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Open source fries 

The International Herald–Tribune today has an article on how the big three makers—, and —have 80 per cent of the world’s market sewn up. Independents can’t really compete, particularly in where companies like actually help build the to get its product to people, and where aren’t strong.
   I realize this talk is early, but when some of these nations have a stronger structure, which will creep up more quickly than a physical one, then soft drinks could be a way to go. Have just enough out there, but permit others to produce the drink, to compete with the that surrounds Coke’s formula. trumping : not a bad model to spread around the world.
   This is not a new idea. The Danes have open source , Vores Øl, uses a traditional formula injected with guarana. The recipe is published under the licence: anyone can make their own.
   But one that can take place right now are open source . In , has made some play on its claim that it sells the country’s favourite fries. But I prefer the fries I make, which aren’t too dissimilar from those at my local shop. The only problem: the individual fish and chip shops around the country are hardly united and most aren’t , so even if they coincidentally used the same recipe for their fries, who’ll know? No encompasses them all.
   Therefore, go open source. Have a published recipe and a brand, and allow all to use that freely. Kiwichips. Kiwifries. Whatever. But make them a little distinctive—maybe create a unique seasoning.
   They will have an immediate number of , and it would be a great experiment in seeing if individuals can take on major . I am not dissing McDonald’s (this time)—I have an academic interest in seeing if this works.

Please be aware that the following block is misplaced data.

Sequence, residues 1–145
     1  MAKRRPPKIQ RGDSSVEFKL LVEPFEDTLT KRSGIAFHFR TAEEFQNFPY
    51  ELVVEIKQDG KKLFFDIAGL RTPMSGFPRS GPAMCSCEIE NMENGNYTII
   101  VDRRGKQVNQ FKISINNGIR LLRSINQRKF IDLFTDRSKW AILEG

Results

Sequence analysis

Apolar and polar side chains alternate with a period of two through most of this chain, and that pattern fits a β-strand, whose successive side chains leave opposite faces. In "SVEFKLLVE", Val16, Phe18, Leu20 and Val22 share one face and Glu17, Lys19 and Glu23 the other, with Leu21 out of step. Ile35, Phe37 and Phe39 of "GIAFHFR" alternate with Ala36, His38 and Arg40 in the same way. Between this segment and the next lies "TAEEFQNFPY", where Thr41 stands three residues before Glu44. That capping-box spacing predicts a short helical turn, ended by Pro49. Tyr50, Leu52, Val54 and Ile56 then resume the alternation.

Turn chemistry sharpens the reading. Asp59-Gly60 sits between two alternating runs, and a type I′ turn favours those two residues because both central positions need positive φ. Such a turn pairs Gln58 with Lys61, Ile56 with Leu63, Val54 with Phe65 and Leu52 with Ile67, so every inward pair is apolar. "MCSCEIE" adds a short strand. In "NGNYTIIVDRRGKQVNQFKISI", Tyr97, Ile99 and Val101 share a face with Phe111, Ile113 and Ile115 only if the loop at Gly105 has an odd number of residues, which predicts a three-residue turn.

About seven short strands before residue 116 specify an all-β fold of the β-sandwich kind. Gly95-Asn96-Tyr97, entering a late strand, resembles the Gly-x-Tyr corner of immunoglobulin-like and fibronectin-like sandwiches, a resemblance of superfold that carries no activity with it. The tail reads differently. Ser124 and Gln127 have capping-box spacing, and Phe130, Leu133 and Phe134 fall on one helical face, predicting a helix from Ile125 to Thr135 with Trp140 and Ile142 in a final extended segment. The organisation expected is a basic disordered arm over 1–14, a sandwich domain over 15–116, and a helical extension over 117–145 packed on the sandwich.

It is the sort of thing that can take place in countries like New Zealand, which have a healthy level of activity and enough balls to carry it out. It also fits with the of spirit have. Any takers?

Del.icio.us tags: open source | New Zealand
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I think the peruvian company Ajegroup is a perfect example of your
point. They are fighting Coke and Pepsi based on a low cost strategy
and it seems that brand loyalty was not as important in developing
countries and they now have a good share of the market (5%) of
the Mexican market. Mexico has the 2nd largetst market for soft
drinks (U.S. is number one). Coke tried to block Big Cola's
(ironic name for Ajegroup's product) distribution by making even corner
shops sign exclusivity agreements in return of certain promotional
materials.; Mexican antitrust authorities have just ruled against
Coca Cola.

A ruling by
Mexican market regulators
upholding a shopkeeper’s right to sell Big Cola alongside leading Cola
brands was a further coup for the aspiring Peruvian brand as it
continues to expand in Latin America.
Poncho, thank you for your comment. I’m glad to hear a report from the region—and to know that these oligopolies and monopolies can be broken by the “little guy”, if marketed wisely. I’m also glad to hear the antitrust authorities have had the good sense to act, too.  
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Entries from 2006 to the end of 2009 were done on the Blogger service. As of January 1, 2010, this blog has shifted to a Wordpress installation, with the latest posts here.
   With Blogger ceasing to support FTP publishing on May 1, I have decided to turn these older pages in to an archive, so you will no longer be able to enter comments. However, you can comment on entries posted after January 1, 2010.

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